The first thing that President Obama and I were summoned to the Defense Department for was [to hear their assessment that] the single greatest threat to our national security is climate change. Because as populations have to move because they can no longer live where they are, because their islands are sinking--It causes war, it causes great migrations. They said that's the single biggest problem.

In addition, I would immediately rejoin the Paris climate accord, which I helped put together. I would call on the 100 nations, the 100 major polluters, in the first 100 days, to up the ante and make it clear that in fact if they didn't, there'd be a price to pay.

And lastly, I would be right now organizing the hemisphere and the world, to provide $20 billion for the Amazon, for Brazil no longer to burn the Amazon, so they could have forests. They could have farming [but instead of burning, say], "This is what we're going to do." The region is burning out.

Source: 11th Democratic primary debate (Biden-Sanders one-on-one) , Mar 15, 2020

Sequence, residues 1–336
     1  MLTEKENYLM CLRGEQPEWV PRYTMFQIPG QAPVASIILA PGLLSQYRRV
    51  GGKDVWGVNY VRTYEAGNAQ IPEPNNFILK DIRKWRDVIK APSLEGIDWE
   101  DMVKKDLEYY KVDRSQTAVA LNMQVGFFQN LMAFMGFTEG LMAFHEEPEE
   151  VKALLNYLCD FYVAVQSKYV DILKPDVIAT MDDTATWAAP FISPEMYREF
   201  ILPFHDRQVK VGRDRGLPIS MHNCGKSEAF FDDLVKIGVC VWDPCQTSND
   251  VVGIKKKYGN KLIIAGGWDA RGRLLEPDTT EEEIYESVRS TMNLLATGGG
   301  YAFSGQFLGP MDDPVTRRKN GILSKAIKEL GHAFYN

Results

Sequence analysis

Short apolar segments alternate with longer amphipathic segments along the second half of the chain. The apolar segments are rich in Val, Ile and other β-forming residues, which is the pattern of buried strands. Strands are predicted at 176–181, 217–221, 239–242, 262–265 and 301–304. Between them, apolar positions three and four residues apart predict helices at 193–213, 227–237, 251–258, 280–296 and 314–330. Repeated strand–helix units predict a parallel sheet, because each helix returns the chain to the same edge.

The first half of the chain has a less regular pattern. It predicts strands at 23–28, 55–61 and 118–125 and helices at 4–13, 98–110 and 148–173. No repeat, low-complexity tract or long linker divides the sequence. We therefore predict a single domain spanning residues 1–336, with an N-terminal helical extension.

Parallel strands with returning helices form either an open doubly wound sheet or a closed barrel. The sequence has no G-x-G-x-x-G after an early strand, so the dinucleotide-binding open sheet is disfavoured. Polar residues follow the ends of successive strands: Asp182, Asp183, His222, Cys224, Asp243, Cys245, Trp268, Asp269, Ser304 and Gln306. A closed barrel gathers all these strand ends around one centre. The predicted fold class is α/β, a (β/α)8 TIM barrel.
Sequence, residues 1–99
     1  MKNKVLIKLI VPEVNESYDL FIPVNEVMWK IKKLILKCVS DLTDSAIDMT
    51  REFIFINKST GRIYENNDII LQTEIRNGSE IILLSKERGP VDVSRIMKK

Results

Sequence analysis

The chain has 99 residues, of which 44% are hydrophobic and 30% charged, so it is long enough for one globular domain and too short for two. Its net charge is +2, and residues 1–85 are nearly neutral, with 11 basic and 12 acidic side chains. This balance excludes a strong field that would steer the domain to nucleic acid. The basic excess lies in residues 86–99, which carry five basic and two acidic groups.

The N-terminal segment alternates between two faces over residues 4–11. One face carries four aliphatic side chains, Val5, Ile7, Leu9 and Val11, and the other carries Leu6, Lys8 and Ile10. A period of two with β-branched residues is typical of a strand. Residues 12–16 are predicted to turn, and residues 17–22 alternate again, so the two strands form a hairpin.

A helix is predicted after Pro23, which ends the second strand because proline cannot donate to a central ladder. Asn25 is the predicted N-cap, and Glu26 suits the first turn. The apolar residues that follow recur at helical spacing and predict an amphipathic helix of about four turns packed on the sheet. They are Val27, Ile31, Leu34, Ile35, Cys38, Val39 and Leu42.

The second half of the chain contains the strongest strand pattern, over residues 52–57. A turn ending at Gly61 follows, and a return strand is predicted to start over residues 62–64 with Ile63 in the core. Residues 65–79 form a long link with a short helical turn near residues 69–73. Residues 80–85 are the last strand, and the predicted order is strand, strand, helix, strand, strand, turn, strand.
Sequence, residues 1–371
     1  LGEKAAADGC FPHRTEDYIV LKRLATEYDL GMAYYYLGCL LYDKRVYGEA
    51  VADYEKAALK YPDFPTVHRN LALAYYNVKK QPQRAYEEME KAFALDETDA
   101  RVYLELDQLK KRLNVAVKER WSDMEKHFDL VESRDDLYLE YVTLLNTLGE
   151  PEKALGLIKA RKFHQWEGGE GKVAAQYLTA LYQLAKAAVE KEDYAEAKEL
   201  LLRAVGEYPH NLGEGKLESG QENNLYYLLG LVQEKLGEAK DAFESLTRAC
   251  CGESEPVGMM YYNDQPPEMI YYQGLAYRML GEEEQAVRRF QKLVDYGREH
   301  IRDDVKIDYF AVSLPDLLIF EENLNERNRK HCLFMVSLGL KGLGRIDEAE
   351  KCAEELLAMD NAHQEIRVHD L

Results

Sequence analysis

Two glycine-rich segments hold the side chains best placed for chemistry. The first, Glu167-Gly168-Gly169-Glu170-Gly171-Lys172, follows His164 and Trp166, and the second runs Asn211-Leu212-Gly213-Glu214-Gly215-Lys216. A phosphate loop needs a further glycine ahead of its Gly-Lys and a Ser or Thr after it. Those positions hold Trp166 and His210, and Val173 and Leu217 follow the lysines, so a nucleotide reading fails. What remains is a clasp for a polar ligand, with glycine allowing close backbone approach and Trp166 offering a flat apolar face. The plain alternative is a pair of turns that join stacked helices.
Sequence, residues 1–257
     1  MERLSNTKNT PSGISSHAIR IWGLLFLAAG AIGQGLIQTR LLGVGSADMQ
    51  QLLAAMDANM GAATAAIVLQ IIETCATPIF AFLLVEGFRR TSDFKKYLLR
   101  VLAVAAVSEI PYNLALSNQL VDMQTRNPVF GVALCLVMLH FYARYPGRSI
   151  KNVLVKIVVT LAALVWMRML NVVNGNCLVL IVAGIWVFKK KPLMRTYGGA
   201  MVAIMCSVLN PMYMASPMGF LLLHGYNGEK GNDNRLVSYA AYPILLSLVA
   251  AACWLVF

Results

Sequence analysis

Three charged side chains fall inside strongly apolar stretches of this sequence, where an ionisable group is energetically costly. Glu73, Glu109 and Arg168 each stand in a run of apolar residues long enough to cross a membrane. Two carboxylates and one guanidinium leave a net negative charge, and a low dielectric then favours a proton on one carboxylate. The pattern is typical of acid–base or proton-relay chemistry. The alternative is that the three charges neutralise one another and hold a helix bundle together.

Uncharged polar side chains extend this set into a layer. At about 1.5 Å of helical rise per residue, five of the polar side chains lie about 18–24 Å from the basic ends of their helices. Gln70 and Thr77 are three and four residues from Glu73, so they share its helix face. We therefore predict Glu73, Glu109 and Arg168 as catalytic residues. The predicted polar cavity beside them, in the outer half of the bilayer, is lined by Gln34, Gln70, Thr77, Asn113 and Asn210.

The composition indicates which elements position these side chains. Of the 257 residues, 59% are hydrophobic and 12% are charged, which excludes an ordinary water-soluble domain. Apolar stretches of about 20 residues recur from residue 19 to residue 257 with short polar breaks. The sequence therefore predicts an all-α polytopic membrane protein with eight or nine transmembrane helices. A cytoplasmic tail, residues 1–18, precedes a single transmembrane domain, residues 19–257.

Will bring polluting country leaders to US to find solutions

85 percent of the pollution that we deal with comes from the rest of the world. I was part of putting together the Paris climate accord. I would immediately rejoin it. And I would immediately bring in the single biggest polluters in the first 100 days to the United States and say, we have to up the ante in how we move forward.
Source: CNN N. H. Town Hall on eve of 2020 N. H. primary , Feb 5, 2020

Develop new nuclear technologies

Biden on Nuclear Power: Support developing new nuclear technologies as part of an effort to fight climate change.

TWO CANDIDATES HAVE SIMILAR VIEWS: Kamala Harris; Jay Inslee.

Utilities and scientists are developing nuclear power reactors that are much smaller than the massive facilities that have been used in past decades. The new reactors, called Small Modular Reactors that the Energy Department's national labs are helping to develop, would produce perhaps 50 to 100 megawatts.

Source: Politico "2020Dems on the Issues" , Jul 17, 2019

1970s: Push to prohibit refineries, to protect state beaches